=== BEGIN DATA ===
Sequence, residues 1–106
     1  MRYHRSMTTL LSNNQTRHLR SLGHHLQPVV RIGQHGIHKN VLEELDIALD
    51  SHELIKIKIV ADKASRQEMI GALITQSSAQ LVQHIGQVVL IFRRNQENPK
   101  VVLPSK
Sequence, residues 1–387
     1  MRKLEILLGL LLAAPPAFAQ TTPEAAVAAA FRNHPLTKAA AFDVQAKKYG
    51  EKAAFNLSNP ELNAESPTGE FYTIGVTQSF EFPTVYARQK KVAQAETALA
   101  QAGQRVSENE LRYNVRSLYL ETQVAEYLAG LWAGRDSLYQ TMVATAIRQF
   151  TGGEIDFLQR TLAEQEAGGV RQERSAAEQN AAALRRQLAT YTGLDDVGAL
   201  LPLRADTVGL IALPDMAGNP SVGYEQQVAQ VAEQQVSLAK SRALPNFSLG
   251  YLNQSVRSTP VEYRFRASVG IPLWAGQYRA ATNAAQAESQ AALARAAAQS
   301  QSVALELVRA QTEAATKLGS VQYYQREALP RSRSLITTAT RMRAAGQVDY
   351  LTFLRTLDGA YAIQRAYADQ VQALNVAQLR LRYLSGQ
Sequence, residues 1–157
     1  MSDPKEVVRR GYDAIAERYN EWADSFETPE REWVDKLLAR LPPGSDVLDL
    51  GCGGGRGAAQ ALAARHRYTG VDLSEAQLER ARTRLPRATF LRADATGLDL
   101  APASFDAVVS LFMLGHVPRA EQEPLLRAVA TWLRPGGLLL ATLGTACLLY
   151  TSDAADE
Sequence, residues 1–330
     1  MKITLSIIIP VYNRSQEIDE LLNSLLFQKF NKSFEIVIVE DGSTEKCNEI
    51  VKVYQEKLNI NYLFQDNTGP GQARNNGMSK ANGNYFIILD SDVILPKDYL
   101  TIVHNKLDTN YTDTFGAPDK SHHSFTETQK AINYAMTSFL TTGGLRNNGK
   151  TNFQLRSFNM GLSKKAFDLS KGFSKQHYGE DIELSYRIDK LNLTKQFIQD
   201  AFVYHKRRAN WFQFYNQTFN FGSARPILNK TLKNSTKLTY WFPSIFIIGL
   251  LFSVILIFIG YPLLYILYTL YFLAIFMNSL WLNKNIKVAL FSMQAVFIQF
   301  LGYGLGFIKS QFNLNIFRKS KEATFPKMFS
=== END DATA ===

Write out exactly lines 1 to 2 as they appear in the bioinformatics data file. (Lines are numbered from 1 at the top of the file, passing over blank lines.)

Sequence, residues 1–106
     1  MRYHRSMTTL LSNNQTRHLR SLGHHLQPVV RIGQHGIHKN VLEELDIALD